To the Point for 1/12/2006


I HAVE A DREAM… This coming Monday is the national holiday honoring Dr. Martin Luther King, Jr. The holiday falls at this time in observance of his birthday, but although it comes quickly on the heels of Christmas and New Year’s Day, it is a holiday honoring a life that we all need to remember and respect.

The son of a school teacher and a Baptist minister, Martin Luther King rose from a childhood in segregated Atlanta, Georgia to the face and the voice of the civil rights movement.

Many times people think of the civil rights movement and the following civil rights legislation and view it as an end to government-sanctioned inequalities for African-Americans.

It was that — and more.

What the Civil Rights Act did in the 1960s was proclaim that throughout this land, America was truly a land of opportunities. It said that men and women had equal standing with others without regard to race.

It said that the American Dream was accessible to everyone; and although the doors may have opened too slowly for some — they continue to open each and everyday.

And the philosophies and the charisma of Dr. King still have a lot to do with that — even nearly 40 years after his assassination.

Some remember the 1960s as a decade marked with violence, and in many ways it was. But in Dr. King the African-Americans living in the South were told to fight the establishment in a different way — a non-violent one.

He led thousands in peaceful marches to spread the word of their feeling that they were being unjustly treated. What is unfortunate is that many of those marches that began peacefully soon turned violent at the hands of those running the “Old South”.

When Rose Parks was arrested for refusing to give up her seat on a public bus to a white passenger, many in the Black community looked to respond with emotion rather than with thought.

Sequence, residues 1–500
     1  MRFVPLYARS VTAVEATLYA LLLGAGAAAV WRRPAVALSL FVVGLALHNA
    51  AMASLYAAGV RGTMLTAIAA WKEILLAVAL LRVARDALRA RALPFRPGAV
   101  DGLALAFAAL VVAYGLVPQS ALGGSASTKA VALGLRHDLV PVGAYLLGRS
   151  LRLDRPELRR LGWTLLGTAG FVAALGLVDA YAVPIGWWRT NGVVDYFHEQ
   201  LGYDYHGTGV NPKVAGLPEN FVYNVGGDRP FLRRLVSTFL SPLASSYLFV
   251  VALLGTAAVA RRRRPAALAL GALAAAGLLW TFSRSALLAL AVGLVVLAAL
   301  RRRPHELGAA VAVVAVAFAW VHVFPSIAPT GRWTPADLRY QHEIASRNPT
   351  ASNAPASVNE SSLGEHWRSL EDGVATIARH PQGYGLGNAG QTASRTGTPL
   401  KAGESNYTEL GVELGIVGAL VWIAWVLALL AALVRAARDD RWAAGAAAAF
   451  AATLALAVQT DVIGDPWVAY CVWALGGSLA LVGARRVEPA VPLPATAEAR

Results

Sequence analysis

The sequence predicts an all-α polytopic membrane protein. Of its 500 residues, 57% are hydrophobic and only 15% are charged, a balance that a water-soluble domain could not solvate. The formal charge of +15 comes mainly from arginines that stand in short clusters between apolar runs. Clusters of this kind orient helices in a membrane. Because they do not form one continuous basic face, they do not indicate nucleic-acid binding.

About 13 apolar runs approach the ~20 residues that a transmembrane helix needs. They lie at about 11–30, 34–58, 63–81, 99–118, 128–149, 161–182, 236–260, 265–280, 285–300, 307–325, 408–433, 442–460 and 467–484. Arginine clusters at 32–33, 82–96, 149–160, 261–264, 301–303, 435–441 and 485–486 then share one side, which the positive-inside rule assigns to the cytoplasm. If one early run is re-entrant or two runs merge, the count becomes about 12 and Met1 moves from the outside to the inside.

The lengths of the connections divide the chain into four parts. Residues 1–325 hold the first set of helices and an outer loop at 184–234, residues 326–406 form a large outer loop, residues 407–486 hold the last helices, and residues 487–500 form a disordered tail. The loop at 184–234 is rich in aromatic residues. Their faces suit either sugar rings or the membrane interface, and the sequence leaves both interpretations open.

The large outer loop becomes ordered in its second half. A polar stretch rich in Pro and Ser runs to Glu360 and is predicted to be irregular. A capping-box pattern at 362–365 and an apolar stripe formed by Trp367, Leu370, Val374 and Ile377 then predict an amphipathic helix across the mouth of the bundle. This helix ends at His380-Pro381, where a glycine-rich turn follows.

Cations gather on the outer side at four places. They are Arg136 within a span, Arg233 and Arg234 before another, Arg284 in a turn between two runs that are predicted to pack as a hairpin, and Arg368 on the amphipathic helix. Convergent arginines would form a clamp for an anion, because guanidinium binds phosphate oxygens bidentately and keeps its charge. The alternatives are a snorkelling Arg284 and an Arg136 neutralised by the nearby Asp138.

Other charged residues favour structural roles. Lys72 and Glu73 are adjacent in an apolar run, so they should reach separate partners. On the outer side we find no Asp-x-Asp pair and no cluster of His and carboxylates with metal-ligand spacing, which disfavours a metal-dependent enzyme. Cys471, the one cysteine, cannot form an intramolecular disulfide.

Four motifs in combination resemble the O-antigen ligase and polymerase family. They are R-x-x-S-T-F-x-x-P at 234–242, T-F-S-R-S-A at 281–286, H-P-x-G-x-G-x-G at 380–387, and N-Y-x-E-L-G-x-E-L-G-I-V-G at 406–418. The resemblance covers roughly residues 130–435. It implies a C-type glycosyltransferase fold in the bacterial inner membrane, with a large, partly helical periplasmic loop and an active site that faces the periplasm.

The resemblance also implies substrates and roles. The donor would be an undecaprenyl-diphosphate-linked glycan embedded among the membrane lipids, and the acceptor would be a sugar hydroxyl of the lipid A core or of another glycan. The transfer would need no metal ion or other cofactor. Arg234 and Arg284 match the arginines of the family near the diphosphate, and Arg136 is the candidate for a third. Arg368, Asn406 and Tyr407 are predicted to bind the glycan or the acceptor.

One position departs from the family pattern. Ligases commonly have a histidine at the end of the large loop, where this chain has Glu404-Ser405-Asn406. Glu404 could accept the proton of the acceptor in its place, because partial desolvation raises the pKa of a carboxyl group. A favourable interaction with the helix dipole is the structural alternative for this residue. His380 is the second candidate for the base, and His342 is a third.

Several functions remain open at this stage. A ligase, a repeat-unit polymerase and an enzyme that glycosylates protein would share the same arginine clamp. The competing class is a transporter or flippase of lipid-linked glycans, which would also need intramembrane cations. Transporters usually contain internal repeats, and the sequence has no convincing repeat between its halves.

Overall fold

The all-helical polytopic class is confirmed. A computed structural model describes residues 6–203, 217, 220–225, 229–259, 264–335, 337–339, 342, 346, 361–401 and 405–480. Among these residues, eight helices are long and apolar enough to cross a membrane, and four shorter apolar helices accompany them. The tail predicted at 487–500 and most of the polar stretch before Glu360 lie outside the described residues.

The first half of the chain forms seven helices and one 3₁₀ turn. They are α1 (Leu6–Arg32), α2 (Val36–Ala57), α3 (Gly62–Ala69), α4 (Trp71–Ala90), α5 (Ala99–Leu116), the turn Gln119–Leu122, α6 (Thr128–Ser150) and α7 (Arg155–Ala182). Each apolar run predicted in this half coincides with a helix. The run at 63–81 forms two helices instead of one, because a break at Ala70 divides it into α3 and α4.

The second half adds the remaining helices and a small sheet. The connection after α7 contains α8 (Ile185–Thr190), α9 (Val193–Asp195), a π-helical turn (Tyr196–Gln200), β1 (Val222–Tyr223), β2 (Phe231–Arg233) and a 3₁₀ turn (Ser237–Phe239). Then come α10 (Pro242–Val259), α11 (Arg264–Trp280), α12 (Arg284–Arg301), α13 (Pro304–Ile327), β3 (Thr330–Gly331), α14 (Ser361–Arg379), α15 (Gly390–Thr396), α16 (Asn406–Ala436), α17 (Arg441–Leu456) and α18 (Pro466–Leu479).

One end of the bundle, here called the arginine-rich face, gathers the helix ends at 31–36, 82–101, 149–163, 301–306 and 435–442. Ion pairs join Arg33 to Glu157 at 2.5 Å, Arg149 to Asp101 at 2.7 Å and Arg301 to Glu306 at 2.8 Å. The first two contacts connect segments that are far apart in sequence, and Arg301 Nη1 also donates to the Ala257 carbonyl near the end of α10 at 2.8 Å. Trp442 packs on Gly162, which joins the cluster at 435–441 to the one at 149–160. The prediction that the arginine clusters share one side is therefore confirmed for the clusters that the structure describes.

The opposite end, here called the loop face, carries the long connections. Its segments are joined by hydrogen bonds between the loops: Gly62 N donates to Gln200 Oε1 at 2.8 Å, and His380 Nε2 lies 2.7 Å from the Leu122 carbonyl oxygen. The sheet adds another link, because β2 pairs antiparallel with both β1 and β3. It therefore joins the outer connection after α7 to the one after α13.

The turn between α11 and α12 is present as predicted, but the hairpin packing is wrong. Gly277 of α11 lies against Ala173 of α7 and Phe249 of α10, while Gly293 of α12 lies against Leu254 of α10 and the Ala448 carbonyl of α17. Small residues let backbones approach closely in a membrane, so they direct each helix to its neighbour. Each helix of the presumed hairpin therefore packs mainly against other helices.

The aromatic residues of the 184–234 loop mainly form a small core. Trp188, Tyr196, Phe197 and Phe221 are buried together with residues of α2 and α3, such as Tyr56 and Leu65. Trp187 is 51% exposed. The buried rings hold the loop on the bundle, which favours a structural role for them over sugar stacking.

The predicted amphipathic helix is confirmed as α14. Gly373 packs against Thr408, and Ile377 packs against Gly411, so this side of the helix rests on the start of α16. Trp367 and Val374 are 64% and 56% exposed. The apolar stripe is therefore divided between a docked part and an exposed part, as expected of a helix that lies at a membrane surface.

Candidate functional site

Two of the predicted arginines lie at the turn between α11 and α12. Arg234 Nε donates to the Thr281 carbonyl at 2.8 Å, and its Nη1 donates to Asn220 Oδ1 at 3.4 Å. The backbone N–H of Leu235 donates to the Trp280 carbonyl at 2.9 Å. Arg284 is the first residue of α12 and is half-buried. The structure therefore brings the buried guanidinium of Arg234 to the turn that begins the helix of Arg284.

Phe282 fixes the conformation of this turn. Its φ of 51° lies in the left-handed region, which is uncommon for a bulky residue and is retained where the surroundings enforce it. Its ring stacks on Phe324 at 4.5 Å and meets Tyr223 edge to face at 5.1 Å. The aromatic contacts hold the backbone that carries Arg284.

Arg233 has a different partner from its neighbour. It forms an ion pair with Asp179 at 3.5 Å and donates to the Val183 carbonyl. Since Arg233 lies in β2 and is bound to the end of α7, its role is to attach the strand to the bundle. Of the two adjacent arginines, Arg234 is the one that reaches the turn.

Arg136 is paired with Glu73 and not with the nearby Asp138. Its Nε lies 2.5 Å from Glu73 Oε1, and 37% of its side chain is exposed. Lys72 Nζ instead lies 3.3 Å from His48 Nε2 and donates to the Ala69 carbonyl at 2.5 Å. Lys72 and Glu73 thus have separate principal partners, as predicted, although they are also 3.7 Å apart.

Dr. King brought those emotions under control, and instead organized a boycott of the bus system — choosing to hit the government financially. Without African-Americans paying their fares to ride the buses, the bus company soon saw the power of the movement — in their bank accounts.

I grew up in a predominantly white community; and then went to a predominantly white college before settling here in predominantly white Switzerland County.

That doesn’t mean that I am not sensitive to the plight of others in different parts of the country and the world.

Just as Gandhi led the people of India in civil disobedience to protest British rule in their country; Dr. King led his people to a level where they found pride in their nationality and in being citizens of this great “melting pot” we call America.

Henry David Thoreau once said that “…The individual, who grants the state its power in the first place, must follow the dictates of conscience in opposing unjust laws…”

That opposition to what is unjust rings through time, and it is as powerful a call to duty today as it was when Thoreau wrote it — or when Gandhi and King were inspired by it.

Dr. King led people to justice, winning the Nobel Peace Prize in 1964, and his influence is still felt today — as you will hear throughout this country this Monday.

On August 28th, 1963, Dr. King led a march on Washington, D.C. in order to bring attention to the plight of those in the South and elsewhere.

As 250,000 people stood and listened, Dr. Martin Luther King gave a speech that still rings today. Departing from his prepared speech, he spoke with passion about the need for this country to become “color blind” in order to move forward as a society.

The words he spoke that day still have a tremendous impact on me today, and as my children grow, I find myself with an even deeper appreciation for them:


I have a dream that one day this nation will rise up and live out the true meaning of its creed: “We hold these truths to be self-evident: that all men are created equal.” I have a dream that one day on the red hills of Georgia the sons of former slaves and the sons of former slaveowners will be able to sit down together at a table of brotherhood. I have a dream that one day even the state of Mississippi, a desert state, sweltering with the heat of injustice and oppression, will be transformed into an oasis of freedom and justice. I have a dream that my four children will one day live in a nation where they will not be judged by the color of their skin but by the content of their character.


Does racism still exist? Yes, it does — on both sides of the issue. But what we each need to stop and think about is that what Dr. King spoke of is what we all truly want: to be judged by our character and not by our outward appearance.

It is a philosophy that crosses race and generations; and this Monday we should all stop and think about just that.